Tried and tested: Could face sculpting massage be the answer to a non-surgical facelift?

28 February 2024
By Fashion Quarterly

FQ’s editor-in-chief Sarah Murray trials a non-surgical facelift technique and thinks it might have changed her life.

Facial Sculpting Massage
Image: Unsplash.

“This is where it all starts,” says Olga Newman, lightly tapping my feet. It’s my third session with the founder of Tāmaki Makaurau/Auckland facial sculpting clinic Face Up, and although we’re supposed to be working on my visage, she’s at the other end of my body, having made her way down while pressing on targeted lymphatic-drainage points. “Your face starts at your feet,” she explains. 

Later, she proves her point by showing me a diagram depicting the human body’s fascia connective tissues, which surround and attach muscles, organs and everything else, from the back of the heel, up the back of your legs, up your back and neck, and over the top of your forehead. 

Who is facial sculpting massage for?

I’d heard a lot about Newman. Influencers have been praising her results and unique sculptural massage technique on social media, but it’s not just them who’re going to see her — high-flying businesswomen (and men) and busy mums do too. Often when they leave, they tell her how life-changing the experience has been, how their face was in heaven and that they’ll be back. Obviously, I needed to see what all the fuss was about. 

If anyone’s a walking billboard for their business, it’s Newman. She appears significantly younger than her age, which could be due to good genes, but she’s also her own guinea pig and massages her own face for five to 15 minutes a couple of times a week. Coupled with her professionalism and deep understanding of the muscles of the face and body, her results assure me I’ve come to the right place.

Originally from Russia, Newman became interested in facial massaging techniques while living in Europe. On moving to New Zealand eight years ago, she tried but couldn’t find a similar approach here, so she decided to take matters into her own hands with self-massage techniques. “After only a few months, I noticed dramatic changes in my face, and that was the point when I felt inspired to build a career in facial sculpting,” she says. “As a little girl, I’d dreamed of being a surgeon, and now I’d found a way to lift and sculpt faces without a scalpel.”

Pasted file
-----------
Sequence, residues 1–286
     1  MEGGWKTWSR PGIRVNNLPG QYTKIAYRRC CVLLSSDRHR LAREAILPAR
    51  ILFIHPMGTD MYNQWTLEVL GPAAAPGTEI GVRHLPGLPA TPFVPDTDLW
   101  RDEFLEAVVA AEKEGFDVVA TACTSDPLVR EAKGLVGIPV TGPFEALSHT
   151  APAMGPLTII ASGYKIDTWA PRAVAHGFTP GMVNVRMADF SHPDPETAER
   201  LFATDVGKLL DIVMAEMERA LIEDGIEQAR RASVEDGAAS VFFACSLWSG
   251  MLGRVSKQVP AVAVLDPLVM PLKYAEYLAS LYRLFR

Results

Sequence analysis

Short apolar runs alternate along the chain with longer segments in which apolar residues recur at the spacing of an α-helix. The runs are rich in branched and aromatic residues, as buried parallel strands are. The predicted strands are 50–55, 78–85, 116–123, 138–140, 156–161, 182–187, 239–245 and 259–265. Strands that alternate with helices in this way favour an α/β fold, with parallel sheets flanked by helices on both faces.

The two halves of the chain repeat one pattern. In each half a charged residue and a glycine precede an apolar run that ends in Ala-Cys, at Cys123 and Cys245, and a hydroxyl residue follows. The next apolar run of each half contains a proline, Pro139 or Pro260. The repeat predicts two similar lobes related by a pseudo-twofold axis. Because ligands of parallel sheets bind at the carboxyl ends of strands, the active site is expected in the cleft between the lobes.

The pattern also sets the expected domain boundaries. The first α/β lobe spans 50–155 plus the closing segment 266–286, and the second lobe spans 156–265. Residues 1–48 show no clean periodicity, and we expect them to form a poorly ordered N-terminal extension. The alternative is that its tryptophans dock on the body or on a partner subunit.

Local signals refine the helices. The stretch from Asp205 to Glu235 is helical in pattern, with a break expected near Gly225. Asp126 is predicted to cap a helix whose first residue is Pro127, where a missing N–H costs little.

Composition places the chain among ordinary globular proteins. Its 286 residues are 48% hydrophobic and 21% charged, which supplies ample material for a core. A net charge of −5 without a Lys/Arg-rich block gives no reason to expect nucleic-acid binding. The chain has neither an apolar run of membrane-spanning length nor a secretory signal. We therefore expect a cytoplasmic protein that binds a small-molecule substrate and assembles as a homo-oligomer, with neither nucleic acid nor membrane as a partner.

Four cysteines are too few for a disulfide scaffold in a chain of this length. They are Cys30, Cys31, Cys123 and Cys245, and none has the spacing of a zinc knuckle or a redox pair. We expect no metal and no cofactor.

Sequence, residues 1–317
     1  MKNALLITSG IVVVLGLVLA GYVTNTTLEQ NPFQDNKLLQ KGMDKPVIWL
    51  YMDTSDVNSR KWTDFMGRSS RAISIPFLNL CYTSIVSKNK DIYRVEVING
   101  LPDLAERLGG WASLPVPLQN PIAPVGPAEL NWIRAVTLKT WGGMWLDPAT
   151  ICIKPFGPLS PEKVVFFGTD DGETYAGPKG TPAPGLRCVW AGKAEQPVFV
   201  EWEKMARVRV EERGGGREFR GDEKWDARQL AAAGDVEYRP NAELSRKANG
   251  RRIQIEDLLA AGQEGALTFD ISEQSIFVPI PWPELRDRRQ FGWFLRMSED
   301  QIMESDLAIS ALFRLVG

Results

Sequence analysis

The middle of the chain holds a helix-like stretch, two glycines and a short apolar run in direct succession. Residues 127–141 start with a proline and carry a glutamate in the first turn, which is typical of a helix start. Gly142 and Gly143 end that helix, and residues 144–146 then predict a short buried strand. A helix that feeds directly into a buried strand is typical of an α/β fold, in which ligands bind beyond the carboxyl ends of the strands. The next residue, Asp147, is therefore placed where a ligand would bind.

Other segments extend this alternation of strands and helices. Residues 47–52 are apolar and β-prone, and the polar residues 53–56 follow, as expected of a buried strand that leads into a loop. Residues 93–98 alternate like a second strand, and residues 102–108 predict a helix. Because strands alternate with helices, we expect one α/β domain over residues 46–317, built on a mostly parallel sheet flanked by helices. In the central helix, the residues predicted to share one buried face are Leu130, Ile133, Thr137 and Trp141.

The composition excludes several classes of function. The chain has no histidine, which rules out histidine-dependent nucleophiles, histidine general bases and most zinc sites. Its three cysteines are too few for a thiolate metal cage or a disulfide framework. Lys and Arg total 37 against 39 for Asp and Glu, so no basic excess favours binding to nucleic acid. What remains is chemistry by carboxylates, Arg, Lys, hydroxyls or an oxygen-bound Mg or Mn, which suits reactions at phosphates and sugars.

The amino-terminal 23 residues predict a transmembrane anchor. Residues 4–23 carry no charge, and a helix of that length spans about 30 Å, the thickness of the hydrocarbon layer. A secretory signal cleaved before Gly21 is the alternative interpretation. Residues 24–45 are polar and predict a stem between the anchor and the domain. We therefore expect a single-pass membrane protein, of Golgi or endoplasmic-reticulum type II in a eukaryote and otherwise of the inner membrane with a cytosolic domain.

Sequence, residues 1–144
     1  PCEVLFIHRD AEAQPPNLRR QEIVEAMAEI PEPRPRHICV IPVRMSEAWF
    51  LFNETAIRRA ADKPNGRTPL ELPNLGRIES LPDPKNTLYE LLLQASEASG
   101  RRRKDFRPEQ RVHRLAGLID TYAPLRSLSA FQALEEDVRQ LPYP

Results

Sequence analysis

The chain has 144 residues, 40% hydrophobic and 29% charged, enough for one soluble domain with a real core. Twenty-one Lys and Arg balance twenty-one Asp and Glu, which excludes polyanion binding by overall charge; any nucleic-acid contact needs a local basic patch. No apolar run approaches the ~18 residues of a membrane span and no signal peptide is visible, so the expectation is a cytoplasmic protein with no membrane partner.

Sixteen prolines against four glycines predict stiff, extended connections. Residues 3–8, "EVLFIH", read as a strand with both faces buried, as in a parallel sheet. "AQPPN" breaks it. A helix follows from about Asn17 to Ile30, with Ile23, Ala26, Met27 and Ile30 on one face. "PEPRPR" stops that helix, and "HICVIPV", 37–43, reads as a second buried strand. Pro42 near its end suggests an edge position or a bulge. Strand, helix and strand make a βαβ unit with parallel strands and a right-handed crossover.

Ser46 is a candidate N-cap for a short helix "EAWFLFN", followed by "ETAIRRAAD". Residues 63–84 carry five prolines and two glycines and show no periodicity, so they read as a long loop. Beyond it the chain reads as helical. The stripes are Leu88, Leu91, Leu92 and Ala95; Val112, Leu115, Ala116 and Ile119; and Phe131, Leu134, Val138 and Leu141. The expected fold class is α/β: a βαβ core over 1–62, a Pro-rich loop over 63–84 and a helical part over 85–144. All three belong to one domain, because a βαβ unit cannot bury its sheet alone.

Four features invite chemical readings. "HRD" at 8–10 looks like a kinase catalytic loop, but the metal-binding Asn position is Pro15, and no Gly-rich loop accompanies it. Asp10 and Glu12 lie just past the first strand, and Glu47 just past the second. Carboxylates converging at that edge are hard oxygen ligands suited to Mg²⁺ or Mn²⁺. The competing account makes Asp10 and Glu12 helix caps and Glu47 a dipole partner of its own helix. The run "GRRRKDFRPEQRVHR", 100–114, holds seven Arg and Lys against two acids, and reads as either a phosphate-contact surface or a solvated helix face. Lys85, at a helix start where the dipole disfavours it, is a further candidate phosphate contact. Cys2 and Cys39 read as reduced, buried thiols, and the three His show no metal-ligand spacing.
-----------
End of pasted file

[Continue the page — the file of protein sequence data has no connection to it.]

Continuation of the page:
What: Face Sculpting Massage by Olga Where: Face Up

Newman underwent extensive training in face-sculpting massage, buccal massage (like an inside-out massage, in which the facialist inserts their hands in your mouth), facial cosmetic acupuncture, osteoplasty and even psychosomatic/mind-massage. Using what she’d learned, she developed her own method, Face Up. If you’re thinking this is anything like most of the other facials out there, you’re mistaken. There’s no extensive cleansing ritual or gentle hand massage while a mask sets. After a no-nonsense cleanse, Newman gets straight to it. She describes Face Up as a comprehensive and personalised approach that integrates work on the face, body and posture, a customised practice that sets her apart. During one of my facials, she works on my neck and shoulders as she can sense that my shallow (read: stress-induced) breathing is shortening my muscles, causing me to lean forward. During another, she gives me my first-ever buccal massage, working the inside of my cheeks to relieve the tension in my jaw. On another occasion, she works on the back of my neck and the base of my skull.